The world of M&A is far more complicated than it was in February 2022, when we released our fourth annual Global M&A Report. Inflation has soared. Governments around the world have raised interest rates, causing the cost of capital to increase. Supply chain issues have mounted while the war in Ukraine and heated geopolitical tensions from US-China relations have accelerated the retreat from globalism and cross-border deals.
Yet, amid all the disruption and risk, it’s easy to overlook the fact that the fundamentals still exist for robust M&A opportunities. We still live in a world where capital is generally available for deals. Most businesses still have strong cash flows and balance sheets. Meanwhile, private equity investors’ pockets are as deep as they’ve ever been. And we see that market leaders continue to do M&A, even during these turbulent times. For example, companies still turn to dealmaking to add new capabilities, as Broadcom did with its recently announced $61 billion acquisition of VMware. And industries still consolidate via scale M&A. For instance, Celanese’s $11 billion purchase of a majority stake in DuPont’s mobility and materials business is intended to strengthen the acquirer’s market position.
In 2021, total global deal value reached $5.9 trillion. So far this year, the M&A pace has cooled off, with aggregate deal value down by about 20%. That said, based on the first five months’ performance, 2022 could reach $4.7 trillion in deal value by year-end (see Figure 1), which would make it the second-best year on record.
2022 M&A should fall short of a record-breaking 2021, but it will likely still be one of the strongest markets of the past 20 years
In the first quarter of 2022, deal value totaled only $599 billion, a steep drop from fourth-quarter 2021’s $970 billion. The second quarter of 2022 brought with it a healthy recovery, however, with deal value totaling $702 billion in April and May (see Figures 2 and 3).
Strategic M&A value is on track to reach the past five years’ average, with volume continuing to decline
After a steep decline in the first quarter of 2022, strategic M&A has recovered in the second quarter
Recall that 2021 saw record deal valuations, with median enterprise value/EBITDA multiples at 15.4 times. At the extremes, tech asset prices soared to median multiples of 25 times and healthcare to 20 times. Looking deeper at 2022, valuations stumbled in the first quarter (down to 11 times enterprise value/EBITDA) only to rebound in the second quarter to 16.7 times (see Figure 4). We are in an era of unprecedented volatility.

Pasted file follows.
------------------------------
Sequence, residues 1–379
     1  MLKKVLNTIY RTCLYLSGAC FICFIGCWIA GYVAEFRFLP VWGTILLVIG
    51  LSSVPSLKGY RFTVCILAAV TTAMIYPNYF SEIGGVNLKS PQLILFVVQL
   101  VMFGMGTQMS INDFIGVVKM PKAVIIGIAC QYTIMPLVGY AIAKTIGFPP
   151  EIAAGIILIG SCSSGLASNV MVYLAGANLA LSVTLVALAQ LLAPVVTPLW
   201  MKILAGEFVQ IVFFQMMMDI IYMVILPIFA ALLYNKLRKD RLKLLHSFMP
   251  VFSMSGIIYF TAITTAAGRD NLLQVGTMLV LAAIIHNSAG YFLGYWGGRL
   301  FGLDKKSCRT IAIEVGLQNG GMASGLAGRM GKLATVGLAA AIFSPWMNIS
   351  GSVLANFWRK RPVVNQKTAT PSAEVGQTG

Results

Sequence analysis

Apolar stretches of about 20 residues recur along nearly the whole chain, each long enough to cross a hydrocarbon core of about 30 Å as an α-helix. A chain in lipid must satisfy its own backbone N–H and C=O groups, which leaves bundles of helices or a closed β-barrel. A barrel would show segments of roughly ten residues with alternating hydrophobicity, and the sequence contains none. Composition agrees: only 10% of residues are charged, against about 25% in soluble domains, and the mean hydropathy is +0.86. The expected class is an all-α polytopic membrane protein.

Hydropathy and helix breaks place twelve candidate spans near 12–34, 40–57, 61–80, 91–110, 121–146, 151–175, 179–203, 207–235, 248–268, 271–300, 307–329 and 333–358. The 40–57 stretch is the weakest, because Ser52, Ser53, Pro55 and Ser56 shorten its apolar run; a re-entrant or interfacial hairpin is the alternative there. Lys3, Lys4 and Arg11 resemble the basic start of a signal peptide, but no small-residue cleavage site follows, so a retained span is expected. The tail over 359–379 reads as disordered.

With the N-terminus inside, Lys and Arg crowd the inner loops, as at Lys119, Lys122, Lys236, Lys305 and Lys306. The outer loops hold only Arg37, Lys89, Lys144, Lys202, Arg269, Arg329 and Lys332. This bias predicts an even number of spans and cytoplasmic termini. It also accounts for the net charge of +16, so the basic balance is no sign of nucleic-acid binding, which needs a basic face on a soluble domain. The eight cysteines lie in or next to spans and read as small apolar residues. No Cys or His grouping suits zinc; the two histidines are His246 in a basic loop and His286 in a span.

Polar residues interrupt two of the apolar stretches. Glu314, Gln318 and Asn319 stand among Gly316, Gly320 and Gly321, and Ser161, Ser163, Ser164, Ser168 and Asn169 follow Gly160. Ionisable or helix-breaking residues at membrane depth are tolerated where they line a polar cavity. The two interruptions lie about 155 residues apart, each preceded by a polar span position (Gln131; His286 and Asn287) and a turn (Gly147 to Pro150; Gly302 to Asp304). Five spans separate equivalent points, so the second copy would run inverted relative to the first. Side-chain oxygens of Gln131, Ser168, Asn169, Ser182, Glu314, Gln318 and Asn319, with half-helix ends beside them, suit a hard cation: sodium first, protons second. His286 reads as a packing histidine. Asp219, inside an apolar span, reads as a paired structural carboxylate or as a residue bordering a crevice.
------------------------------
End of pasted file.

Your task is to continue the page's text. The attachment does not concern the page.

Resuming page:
After a dip in the first quarter of 2022, strategic M&A multiples have recently recovered to all-time high levels
What does this mean for companies trying to get deals done? The volatility we’ve witnessed in the first five months will likely continue throughout the year amid continuing inflation, recession fears, supply chain constraints, geopolitical tensions, increasing regulatory scrutiny, and Covid-19’s unpredictable path. In the face of so much turmoil, it is easy for corporate dealmakers to get conservative.
Bain’s research, however, has determined that the greatest competitive market shifts take place during times of turbulence. Companies that invest throughout the economic cycle have far superior returns than those that participate sporadically. Recession winners average 14% in compounded annual EBIT growth in the 13 years following a downturn compared with zero for recession losers, according to our study of nearly 3,900 companies. And as the winners adjust their corporate strategies for times of uncertainty, they continue to use M&A as one of the big levers to gain and strengthen their competitive advantage.
We see strong possibilities for companies willing to act. This must start with revising their M&A playbooks so that executives have a clear view of the full range of potential outcomes. Let us give a couple of examples: Margin expansion will be more challenging, so models must reflect a realistic assessment of the efficacy of price increases against likely input cost inflation. Likewise, being a low-cost producer will require greater investment in supply chain resiliency. In many cases, companies will need to derive revenue and growth in a more national, instead of global, scenario.